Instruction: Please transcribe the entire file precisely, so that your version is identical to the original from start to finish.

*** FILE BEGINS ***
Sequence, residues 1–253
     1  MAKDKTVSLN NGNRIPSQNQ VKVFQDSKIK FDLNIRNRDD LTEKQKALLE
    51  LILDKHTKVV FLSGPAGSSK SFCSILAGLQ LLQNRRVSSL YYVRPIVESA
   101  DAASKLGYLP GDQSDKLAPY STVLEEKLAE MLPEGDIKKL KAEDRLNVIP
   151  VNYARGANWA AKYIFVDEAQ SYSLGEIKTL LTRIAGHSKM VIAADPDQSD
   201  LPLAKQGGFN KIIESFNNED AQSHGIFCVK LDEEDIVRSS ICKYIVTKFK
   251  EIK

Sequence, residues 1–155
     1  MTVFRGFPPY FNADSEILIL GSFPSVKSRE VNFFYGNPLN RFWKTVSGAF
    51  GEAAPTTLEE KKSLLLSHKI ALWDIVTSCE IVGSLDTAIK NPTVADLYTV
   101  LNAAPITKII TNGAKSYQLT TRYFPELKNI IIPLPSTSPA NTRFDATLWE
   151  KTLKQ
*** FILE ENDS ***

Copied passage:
Sequence, residues 1–253
     1  MAKDKTVSLN NGNRIPSQNQ VKVFQDSKIK FDLNIRNRDD LTEKQKALLE
    51  LILDKHTKVV FLSGPAGSSK SFCSILAGLQ LLQNRRVSSL YYVRPIVESA
   101  DAASKLGYLP GDQSDKLAPY STVLEEKLAE MLPEGDIKKL KAEDRLNVIP
   151  VNYARGANWA AKYIFVDEAQ SYSLGEIKTL LTRIAGHSKM VIAADPDQSD
   201  LPLAKQGGFN KIIESFNNED AQSHGIFCVK LDEEDIVRSS ICKYIVTKFK
   251  EIK

Sequence, residues 1–155
     1  MTVFRGFPPY FNADSEILIL GSFPSVKSRE VNFFYGNPLN RFWKTVSGAF
    51  GEAAPTTLEE KKSLLLSHKI ALWDIVTSCE IVGSLDTAIK NPTVADLYTV
   101  LNAAPITKII TNGAKSYQLT TRYFPELKNI IIPLPSTSPA NTRFDATLWE
   151  KTLKQ